This particular combination of characteristics—and constraints—creates synchronized couples’ patterns (Fig. 1). However, there are some substantive differences. In cluster (B), the spouses seem to have breakfast together before going to work and starting it synchronically. They both stop working quite early in the afternoon, favored probably by their kind of job and the economic sector in which they are employed. At 17:00 She is already at home, while He comes back at 17:40. Thereafter, both the spouses spend the rest of the day at home, doing housework and childcare before having dinner together and, finally, enjoying most of their free time synchronically. The only second part of the day in which they are not synchronized is the one immediately after dinner, when She postpones her free time for 20 min due to housework (Fig. 1).

In cluster (A) the absence of children and the type of work (self-employment in the private services sector) would seem to explain why the couples start their day in a manner differently from the others (Fig. 1). Both the spouses wake up together, and later than the couples in other clusters. They also have breakfast at the same time. Then He leaves the house while She quickly tides up before going to work. Job commitments fill equally most of their daily time. Moreover, their lunch and dinners are synchronized. Finally, the extent of their job commitments and the parallel absence of children seem to pull the spouses in cluster (A) directly to free and leisure time.Footnote 8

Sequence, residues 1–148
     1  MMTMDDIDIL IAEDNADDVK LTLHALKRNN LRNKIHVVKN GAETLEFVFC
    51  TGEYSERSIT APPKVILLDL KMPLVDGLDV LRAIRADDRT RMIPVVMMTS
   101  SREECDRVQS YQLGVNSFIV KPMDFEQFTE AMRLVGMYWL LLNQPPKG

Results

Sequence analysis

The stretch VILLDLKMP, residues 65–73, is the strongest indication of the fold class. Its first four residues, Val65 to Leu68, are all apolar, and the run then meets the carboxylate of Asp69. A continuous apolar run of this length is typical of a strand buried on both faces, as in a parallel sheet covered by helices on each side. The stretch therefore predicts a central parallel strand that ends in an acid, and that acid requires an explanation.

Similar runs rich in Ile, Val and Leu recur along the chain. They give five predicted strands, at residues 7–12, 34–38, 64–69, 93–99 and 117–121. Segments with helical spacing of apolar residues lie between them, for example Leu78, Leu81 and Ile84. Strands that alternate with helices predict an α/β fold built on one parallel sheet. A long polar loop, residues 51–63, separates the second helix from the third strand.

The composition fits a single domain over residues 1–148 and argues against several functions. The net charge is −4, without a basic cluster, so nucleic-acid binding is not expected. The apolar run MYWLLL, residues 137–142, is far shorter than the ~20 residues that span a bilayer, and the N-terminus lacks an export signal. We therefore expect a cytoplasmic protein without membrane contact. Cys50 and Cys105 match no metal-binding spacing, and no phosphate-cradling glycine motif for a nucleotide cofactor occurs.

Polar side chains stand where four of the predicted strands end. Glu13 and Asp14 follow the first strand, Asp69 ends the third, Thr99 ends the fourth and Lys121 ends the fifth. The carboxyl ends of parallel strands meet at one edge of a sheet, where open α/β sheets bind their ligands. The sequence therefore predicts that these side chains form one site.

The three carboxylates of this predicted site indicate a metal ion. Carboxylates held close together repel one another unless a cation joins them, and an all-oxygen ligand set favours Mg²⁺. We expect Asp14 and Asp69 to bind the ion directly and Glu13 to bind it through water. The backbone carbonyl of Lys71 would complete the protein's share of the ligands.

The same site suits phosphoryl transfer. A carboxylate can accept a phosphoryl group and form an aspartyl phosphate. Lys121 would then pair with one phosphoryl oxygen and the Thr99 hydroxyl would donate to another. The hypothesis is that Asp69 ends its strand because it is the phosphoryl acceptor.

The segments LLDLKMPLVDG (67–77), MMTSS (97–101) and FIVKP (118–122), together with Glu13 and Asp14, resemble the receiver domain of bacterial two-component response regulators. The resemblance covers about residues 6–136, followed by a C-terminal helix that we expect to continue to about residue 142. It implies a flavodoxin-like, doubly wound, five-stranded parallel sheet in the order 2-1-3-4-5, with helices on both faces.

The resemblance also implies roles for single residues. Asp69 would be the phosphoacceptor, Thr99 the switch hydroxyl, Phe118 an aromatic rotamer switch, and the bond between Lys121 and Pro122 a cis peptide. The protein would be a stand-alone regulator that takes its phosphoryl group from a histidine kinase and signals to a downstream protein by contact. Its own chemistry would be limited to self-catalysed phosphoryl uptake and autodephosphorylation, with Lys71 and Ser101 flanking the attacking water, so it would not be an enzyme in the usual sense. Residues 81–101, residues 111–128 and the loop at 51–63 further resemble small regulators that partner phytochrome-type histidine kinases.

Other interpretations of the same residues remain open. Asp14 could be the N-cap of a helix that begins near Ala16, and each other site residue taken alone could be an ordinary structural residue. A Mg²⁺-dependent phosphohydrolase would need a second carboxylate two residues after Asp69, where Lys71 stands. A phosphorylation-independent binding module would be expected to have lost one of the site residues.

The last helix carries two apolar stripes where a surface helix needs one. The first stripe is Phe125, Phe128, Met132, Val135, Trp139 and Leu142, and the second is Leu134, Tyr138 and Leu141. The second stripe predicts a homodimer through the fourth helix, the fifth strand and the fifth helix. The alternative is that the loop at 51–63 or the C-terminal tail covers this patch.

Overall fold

Cluster (C) falls—although not completely—within the synchronized time-use patterns (Fig. 1). Couples in this cluster have some features in common with those of cluster (A). In particular, like dual-earner couples (A), those in cluster (C) are more likely to be childless. They also are mainly members of the upper class (I+II) (Table 3).

Cluster (C) has some characteristics in common with clusters (A) and (B) also in terms of daily time organization, even if its pattern ends with a longer tail of synchronized personal care: spouses may still be having dinner together at the end of the observation (22:00). However, what really makes cluster (C) unique is the time organization around lunch. While for cluster (B), there is no specific time for lunch, and for cluster (A) the time interval for lunch is well defined between two work ‘segments’, for cluster (C) the break from work is longer for Her. Moreover, around a certain synchronized lunch-time, there is a certain desynchronization due to His work commitments and Her housework tasks. Finally, before going back to work, She is even able to spend a short time relaxing. Here, the sequence of activity combinations around lunch is much more chaotic, fragmented and desynchronized compared with the clusters (A) and (B). However, except for this desynchronized part of the day, probably due to different work commitments, the rest of the day is mainly synchronized.

Alongside the synchronized patterns other desynchronized daily time-use patterns emerge. These strategies of desynchronization seem to be specialized into two forms, on the basis of the kind of tasks sequentially performed and combined by the two spouses during the day.